The NYRR just posted an article from the experts at HSS about the benefits of using a standing desk versus siting and its impact on our posture. This is a popular topic recently and I am often asked to write notes for people looking to optimize their work stations. The benefits of improved posture can have a significant impact on our running form as well as helping to prevent injury or even limit everyday aches and pains at the back, neck and shoulders. Just like the experts at HSS, I agree that there is no one size fits all solution. Static positions, whether standing all day or sitting, can both have a negative impact. Ideally the body needs some movement to break up our static postures and allow fatigued muscles to recover. When possible, I recommend people have a work station with a high / low desk option so they can adopt different positions. If that is not realistic, sitting with good posture and taking intermittent “stretch breaks” is the best.
This good posture rule also applies to post workout recovery or down-time. If we sit all day watching TV in a low, soft couch or bent over texting on our phones, the hips, back and neck are all affected. When sitting, the most important thing is to have the hips supported enough so that they are above the height of the knees. If you are sitting in a chair that slopes down, is too soft or low, you may need to pad the rear so that your hips are elevated. This allows the back to assume a better position. When sitting for more than 20min, use a lumbar support (rolled up towel or jacket also does the job) just above the belt line to maintain the natural curvature of the spine. Keep the mouse and keyboard close enough so you don’t have to reach your arms out. Hold a phone at eye level or get a stand for a laptop to keep the head and neck level.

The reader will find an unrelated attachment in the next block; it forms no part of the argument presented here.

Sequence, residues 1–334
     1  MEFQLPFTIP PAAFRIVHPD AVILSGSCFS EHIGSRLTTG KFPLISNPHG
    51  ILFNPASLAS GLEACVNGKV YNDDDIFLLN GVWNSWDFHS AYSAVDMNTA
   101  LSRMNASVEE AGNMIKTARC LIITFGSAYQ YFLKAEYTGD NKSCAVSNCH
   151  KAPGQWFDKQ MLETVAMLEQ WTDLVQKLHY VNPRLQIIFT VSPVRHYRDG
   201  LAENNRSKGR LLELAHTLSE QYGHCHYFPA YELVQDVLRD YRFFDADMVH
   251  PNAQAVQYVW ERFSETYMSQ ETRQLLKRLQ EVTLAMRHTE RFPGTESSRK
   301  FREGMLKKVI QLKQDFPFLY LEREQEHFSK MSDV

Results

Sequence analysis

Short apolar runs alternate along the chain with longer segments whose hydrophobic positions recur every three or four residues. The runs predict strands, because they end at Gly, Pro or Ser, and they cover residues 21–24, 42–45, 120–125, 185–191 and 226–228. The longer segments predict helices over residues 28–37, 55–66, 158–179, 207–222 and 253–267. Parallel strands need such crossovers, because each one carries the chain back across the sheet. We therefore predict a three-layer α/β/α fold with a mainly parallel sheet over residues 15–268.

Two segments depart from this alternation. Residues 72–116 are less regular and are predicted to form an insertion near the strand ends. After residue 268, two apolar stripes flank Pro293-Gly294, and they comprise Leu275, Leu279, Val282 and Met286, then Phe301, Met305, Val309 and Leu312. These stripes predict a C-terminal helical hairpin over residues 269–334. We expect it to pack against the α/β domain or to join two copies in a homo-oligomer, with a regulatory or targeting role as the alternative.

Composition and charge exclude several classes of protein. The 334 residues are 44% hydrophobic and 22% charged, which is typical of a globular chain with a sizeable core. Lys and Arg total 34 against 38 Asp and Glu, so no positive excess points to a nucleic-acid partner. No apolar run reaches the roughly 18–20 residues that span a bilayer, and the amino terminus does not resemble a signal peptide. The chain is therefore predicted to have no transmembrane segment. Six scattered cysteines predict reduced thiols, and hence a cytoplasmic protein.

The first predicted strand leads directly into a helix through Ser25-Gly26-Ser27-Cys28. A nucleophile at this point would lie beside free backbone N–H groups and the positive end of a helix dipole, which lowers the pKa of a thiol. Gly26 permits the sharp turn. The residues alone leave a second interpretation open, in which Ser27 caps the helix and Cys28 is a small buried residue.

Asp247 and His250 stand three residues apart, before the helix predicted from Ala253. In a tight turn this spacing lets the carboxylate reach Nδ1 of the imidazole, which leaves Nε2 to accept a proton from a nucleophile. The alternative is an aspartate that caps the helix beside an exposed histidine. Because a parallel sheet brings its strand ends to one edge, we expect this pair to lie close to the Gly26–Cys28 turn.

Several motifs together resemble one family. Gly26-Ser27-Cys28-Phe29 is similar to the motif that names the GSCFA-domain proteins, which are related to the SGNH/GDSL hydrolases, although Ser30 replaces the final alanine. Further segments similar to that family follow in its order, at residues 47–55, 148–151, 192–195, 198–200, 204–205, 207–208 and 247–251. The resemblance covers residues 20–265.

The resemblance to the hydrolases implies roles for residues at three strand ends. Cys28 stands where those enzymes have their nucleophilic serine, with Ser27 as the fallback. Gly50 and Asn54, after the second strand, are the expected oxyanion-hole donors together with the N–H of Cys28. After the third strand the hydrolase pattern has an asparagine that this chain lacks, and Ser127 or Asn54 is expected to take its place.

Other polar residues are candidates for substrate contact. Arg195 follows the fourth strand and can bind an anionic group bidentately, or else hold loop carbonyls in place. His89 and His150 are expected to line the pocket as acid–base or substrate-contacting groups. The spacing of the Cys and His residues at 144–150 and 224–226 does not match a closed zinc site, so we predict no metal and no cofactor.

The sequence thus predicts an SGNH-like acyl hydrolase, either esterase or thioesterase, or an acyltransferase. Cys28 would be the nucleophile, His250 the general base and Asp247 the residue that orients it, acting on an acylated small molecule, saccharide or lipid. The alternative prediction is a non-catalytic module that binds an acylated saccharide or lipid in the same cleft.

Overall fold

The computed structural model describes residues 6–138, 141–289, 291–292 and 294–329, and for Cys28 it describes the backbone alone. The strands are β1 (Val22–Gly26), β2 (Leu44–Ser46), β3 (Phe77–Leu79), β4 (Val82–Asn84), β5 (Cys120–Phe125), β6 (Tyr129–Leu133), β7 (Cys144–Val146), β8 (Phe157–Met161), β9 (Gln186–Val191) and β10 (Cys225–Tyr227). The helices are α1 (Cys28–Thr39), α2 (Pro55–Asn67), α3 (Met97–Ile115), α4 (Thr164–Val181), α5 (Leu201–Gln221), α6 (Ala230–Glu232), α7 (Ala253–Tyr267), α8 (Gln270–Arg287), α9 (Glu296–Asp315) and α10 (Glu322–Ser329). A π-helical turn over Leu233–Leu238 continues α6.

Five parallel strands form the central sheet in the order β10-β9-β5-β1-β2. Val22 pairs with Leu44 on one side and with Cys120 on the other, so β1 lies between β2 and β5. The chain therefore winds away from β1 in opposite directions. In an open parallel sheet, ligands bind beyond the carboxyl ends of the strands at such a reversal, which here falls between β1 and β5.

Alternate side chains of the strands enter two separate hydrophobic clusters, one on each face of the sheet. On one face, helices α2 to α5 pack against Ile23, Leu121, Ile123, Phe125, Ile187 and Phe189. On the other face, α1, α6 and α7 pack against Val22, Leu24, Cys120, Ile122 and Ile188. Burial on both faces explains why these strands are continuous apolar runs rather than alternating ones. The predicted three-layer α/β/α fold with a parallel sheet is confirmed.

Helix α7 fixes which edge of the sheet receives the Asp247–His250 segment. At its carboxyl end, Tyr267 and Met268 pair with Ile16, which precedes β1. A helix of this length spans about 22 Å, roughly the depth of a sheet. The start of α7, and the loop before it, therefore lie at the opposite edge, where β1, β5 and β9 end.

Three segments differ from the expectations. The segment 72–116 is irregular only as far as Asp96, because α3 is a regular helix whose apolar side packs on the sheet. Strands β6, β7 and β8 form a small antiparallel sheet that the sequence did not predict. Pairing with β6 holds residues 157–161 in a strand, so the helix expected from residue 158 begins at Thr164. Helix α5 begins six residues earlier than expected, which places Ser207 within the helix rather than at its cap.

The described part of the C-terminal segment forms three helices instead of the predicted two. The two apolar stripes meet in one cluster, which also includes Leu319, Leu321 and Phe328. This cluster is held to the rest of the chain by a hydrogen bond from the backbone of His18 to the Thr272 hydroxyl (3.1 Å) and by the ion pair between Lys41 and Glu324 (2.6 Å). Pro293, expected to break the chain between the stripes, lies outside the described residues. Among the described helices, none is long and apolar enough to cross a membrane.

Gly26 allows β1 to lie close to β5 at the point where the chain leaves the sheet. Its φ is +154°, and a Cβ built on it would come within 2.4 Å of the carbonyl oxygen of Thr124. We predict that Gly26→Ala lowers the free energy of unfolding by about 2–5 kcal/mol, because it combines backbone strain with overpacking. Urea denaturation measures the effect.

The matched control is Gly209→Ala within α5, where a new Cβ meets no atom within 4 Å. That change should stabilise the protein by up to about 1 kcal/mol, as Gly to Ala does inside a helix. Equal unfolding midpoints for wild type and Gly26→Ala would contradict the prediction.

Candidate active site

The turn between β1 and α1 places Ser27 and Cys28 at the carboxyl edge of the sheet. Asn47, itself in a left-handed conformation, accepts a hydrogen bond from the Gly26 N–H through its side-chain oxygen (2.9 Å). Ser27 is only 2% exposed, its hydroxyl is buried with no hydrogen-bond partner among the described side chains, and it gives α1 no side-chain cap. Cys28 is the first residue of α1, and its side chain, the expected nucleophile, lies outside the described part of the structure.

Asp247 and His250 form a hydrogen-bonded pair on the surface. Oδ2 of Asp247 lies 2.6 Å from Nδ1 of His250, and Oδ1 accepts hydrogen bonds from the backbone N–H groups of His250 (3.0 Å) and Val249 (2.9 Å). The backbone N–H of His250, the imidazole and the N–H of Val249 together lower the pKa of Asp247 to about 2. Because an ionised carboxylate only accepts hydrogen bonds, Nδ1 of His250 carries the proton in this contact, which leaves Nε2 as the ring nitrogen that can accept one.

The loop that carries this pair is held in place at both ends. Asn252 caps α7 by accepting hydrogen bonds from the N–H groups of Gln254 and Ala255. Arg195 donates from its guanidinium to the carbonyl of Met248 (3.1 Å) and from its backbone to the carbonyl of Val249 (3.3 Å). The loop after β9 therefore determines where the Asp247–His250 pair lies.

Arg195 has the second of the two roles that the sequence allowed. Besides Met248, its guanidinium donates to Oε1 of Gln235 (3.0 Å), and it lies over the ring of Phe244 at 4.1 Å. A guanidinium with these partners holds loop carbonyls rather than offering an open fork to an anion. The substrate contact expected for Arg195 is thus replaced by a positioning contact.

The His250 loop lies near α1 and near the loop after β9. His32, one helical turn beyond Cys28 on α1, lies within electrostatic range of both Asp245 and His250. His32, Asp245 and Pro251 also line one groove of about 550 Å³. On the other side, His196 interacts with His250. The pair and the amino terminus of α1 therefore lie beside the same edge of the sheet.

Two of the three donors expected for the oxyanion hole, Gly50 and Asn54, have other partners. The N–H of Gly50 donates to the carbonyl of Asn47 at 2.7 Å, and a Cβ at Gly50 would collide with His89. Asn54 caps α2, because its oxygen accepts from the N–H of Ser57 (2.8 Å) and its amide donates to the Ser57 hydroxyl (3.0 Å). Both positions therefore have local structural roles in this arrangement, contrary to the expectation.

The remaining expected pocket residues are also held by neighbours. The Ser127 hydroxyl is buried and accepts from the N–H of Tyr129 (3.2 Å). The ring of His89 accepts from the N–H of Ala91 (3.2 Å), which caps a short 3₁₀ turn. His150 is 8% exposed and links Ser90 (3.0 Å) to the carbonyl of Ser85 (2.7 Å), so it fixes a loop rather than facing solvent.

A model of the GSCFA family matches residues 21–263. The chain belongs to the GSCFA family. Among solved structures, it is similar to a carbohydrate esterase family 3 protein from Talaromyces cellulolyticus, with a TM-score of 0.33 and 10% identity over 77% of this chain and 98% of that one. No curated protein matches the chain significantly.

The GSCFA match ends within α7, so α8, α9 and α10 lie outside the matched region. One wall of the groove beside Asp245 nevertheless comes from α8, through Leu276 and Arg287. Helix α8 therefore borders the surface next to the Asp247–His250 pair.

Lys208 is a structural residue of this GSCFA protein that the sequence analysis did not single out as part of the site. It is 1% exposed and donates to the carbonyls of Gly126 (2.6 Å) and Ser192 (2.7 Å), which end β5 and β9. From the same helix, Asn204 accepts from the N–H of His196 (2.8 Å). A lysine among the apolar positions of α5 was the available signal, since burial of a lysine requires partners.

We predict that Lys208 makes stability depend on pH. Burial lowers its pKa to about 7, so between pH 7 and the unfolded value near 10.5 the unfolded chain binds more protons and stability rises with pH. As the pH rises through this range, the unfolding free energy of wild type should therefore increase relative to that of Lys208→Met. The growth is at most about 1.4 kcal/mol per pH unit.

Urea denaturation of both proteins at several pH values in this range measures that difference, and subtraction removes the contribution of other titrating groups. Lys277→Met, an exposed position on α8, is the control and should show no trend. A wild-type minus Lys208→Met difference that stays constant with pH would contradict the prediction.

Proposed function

Maintaining good posture is essential but just as important are a few key exercises and stretches to facilitate good posture. This can be incorporated into a stretching routine at the gym, post track workout, or even added during breaks in your work day. (See Posture Essentials handout)
1) Foam roller at the upper back 1 –2 minutes: roll along the thoracic spine to allow you to sit / stand straighter. We shrink as we get older and get more rounded at the back (kyphosis) so this will help you look younger too ; )
2) Corner stretch : can also be done in a doorway to stretch out the pecs. Hold 10 seconds and do several times a day. These are some of the largest muscles in the body and used with our arm swinging while running.
3) Hip flexor stretch : this is ideally done off the edge of a table at the gym or the side of a bed / couch so that the lower back is supported. Very important for all runners or anyone who has walks upright, the psoas is a deep muscle at the back that makes us move forward with dashing speed and is so crucial to maintaining good posture.
4) Chin tucks : 10-20 x (tuck head straight back to feel stretch at base of neck, keeping gaze straight ahead) to counter the tension at our necks and forward head posture
If any of the stretches mentioned cause pain or if you have difficulty getting into an optimal posture without pain, you may benefit from acupuncture and physical therapy.